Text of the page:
Patent application title: Automatic Fitting for a Visual Prosthesis
Robert Greenberg (Los Angeles, CA, US)
Robert Greenberg (Los Angeles, CA, US)
Richard Williamson (Saugus, CA, US)
IPC8 Class: AA61N105FI
Class name: Light, thermal, and electrical application electrical therapeutic systems producing visual effects by stimulation
Publication date: 2009-05-21
Patent application number: 20090132004
Patent application title: Automatic Fitting for a Visual Prosthesis
Scott B. Dunbar;Second Sight Medical Products, Inc.
Origin: SYLMAR, CA US
IPC8 Class: AA61N105FI
The invention is a method of automatically adjusting an electrode array to
the neural characteristics of an individual patient. By recording neural
response to a predetermined input stimulus, one can alter that input
stimulus to the needs of an individual patient. A minimum input stimulus
is applied to a patient, followed by recording neural response in the
vicinity of the input stimulus. By alternating stimulation and recording
at gradually increasing levels, one can determine the minimum input that
creates a neural response, thereby identifying the threshold stimulation
level. One can further determine a maximum level by increasing stimulus
until a predetermined maximum neural response is obtained.
1. A method of stimulating visual neurons comprising:stimulating visual
neurons with a base level electrical charge;detecting an optical
indication of neural activity; andvarying said electrical charge in
response to said optical indication of neural activity.
2. The method according to claim 1, wherein said optical indication of neural activity is movement of the iris.
3. The method according to claim 1, wherein said optical indication of neural activity is light output from luminescent pigment in the vicinity of visual neurons.
4. The method according to claim 1, wherein said step of varying comprises increasing said electrical charge until change in said optical indication of neural activity is detected.
5. The method according to claim 1, wherein said step of varying comprises decreasing said electrical charge when a predetermined optical indication of neural activity is reached.
6. The method according to claim 1, further comprising:recording a first electrical charge level when a first predetermined optical indication of neural activity is recorded;recording a second electrical charge level when a second predetermined optical indication of neural activity is recorded; andstimulating said visual neurons according to an input signal between said first electrical charge level and said second electrical charge level.
7. A method of stimulating visual neurons comprising:stimulating visual neurons with an electrical charge;detecting an indication of neural activity by detecting muscle activity in the iris sphincter; andvarying said electrical charge in response to said indication of neural activity.
8. The method according to claim 7, wherein said step of varying comprises increasing said electrical charge until change in said muscle activity is detected.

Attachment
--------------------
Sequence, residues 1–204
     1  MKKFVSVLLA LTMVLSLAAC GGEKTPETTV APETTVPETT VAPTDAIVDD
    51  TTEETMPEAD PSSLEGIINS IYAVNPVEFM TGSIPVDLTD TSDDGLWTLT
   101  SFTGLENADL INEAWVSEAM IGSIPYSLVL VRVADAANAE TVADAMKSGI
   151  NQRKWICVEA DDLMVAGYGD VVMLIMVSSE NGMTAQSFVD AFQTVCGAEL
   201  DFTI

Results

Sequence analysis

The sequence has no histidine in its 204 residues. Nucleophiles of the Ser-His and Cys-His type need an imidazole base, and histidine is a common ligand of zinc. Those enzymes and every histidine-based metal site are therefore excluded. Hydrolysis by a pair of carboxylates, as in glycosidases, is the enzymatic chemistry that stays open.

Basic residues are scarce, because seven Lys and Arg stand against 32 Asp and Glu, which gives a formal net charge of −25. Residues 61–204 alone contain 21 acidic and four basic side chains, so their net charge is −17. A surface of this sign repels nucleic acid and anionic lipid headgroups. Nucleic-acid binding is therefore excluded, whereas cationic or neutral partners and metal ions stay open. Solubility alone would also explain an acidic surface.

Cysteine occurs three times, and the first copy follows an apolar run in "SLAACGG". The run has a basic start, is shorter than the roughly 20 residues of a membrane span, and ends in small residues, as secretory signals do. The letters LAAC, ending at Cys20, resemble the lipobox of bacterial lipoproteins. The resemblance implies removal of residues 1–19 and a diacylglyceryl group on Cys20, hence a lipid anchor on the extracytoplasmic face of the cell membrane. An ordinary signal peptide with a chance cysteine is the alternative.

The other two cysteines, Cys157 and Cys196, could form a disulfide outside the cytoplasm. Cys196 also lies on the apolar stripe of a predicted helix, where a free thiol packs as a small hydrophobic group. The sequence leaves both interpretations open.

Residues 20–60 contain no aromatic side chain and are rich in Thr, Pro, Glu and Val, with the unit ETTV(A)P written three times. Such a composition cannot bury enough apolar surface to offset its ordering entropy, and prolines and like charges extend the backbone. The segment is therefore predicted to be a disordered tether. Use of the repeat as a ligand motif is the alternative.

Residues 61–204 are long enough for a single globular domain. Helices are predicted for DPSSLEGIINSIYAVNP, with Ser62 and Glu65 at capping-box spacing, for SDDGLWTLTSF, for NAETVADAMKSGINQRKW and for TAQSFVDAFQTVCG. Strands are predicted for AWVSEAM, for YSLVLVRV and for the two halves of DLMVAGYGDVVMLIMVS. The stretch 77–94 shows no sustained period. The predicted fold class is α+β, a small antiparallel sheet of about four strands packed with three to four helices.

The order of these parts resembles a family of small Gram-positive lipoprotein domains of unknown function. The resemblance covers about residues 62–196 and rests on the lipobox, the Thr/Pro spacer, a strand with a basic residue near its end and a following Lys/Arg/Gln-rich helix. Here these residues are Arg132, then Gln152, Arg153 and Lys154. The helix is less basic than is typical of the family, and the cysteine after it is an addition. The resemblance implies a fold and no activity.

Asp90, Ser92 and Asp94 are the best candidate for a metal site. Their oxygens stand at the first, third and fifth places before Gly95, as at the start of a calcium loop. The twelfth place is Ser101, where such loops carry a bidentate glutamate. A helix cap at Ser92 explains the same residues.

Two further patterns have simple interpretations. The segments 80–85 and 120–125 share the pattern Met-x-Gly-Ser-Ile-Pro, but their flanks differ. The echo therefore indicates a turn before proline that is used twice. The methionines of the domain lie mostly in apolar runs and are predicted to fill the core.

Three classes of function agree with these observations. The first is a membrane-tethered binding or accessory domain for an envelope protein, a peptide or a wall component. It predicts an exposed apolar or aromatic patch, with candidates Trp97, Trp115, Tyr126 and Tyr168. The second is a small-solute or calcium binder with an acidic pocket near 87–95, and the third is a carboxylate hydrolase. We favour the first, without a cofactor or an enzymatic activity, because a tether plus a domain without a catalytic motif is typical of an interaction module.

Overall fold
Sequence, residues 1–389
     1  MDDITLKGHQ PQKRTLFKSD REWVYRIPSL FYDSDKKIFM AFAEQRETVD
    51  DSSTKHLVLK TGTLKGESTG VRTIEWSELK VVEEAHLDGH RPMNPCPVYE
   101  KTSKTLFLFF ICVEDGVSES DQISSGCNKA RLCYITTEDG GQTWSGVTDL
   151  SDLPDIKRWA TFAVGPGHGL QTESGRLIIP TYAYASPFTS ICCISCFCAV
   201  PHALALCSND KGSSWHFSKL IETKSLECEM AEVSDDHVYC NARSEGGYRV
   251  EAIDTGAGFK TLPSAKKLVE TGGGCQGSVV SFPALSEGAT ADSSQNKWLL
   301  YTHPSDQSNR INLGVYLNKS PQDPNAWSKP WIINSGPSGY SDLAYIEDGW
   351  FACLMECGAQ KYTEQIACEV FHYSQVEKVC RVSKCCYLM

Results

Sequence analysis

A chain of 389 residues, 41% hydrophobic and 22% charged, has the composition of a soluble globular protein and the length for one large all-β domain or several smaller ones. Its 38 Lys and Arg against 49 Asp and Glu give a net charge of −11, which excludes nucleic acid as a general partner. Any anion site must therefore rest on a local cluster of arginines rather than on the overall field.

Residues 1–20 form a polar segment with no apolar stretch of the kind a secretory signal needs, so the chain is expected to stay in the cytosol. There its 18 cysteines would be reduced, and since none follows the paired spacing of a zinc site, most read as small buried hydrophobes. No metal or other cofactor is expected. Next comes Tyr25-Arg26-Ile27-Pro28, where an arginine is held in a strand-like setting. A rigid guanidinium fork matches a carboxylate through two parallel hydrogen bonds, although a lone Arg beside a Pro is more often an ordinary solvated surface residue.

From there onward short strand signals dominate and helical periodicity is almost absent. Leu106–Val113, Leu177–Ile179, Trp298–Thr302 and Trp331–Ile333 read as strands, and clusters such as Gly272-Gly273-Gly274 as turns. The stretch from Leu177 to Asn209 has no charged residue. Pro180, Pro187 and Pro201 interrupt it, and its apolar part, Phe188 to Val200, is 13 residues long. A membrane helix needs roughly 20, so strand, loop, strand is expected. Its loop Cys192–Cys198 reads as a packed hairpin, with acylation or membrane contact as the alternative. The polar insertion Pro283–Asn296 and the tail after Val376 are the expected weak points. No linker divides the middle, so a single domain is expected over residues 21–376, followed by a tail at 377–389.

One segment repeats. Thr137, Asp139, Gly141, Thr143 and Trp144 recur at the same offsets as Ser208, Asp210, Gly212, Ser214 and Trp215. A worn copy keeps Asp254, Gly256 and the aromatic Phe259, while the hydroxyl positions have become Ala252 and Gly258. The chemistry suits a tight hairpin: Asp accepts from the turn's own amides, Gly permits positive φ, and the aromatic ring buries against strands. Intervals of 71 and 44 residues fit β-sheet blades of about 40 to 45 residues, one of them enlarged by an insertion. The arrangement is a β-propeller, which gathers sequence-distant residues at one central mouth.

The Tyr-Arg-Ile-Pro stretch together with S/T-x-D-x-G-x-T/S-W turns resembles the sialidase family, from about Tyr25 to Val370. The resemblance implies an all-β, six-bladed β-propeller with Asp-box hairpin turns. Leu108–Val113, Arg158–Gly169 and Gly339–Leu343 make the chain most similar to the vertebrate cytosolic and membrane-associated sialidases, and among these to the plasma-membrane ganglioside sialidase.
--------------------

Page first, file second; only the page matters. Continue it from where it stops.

9. The method according to claim 7, wherein said step of varying comprises decreasing said electrical charge when a predetermined muscle activity is reached.
10. The method according to claim 7, further comprising:recording a first electrical charge level when a first predetermined muscle activity is recorded;recording a second electrical charge level when a second predetermined muscle activity is recorded; andstimulating said visual neurons according to an input signal between said first electrical charge level and said second electrical charge level.
11. A method of stimulating visual neurons comprising:stimulating visual neurons with an electrical charge;detecting an indication of neural activity in the visual cortex; andvarying said electrical charge in response to said indication of neural activity.
12. The method according to claim 11, wherein said step of varying comprises increasing said electrical charge until change in said neural activity in the visual cortex is detected.
13. The method according to claim 11, wherein said step of varying comprises decreasing said electrical charge when a predetermined neural activity in the visual cortex is reached.
14. The method according to claim 11, further comprising:recording a first electrical charge level when a first predetermined neural activity in the visual cortex is recorded;recording a second electrical charge level when a second predetermined neural activity in the visual cortex is recorded; andstimulating said visual neurons according to an input signal between said first electrical charge level and said second electrical charge level.
CROSS-REFERENCE TO RELATED APPLICATION(S)
This patent application is a divisional application of U.S. patent application Ser. No. 10/864,590, filed Jun. 8, 2004, the disclosure of which is incorporated herein by reference.
FIELD OF THE INVENTION
The present invention is generally directed to neural stimulation and more specifically to an improved method of adjusting neural stimulation levels for artificial vision.
BACKGROUND OF THE INVENTION